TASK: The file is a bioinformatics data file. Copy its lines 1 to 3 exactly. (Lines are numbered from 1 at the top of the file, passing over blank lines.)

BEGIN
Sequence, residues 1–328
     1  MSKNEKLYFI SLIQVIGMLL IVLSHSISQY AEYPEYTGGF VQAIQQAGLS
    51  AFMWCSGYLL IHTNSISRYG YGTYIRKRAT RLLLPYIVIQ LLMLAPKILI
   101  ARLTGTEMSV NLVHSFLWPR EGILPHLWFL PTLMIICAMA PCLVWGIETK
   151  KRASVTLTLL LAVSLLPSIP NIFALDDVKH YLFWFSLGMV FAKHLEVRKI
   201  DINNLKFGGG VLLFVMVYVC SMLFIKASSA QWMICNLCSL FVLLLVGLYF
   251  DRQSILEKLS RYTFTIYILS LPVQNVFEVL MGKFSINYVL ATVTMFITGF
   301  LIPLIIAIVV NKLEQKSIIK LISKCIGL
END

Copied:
Sequence, residues 1–328
     1  MSKNEKLYFI SLIQVIGMLL IVLSHSISQY AEYPEYTGGF VQAIQQAGLS
    51  AFMWCSGYLL IHTNSISRYG YGTYIRKRAT RLLLPYIVIQ LLMLAPKILI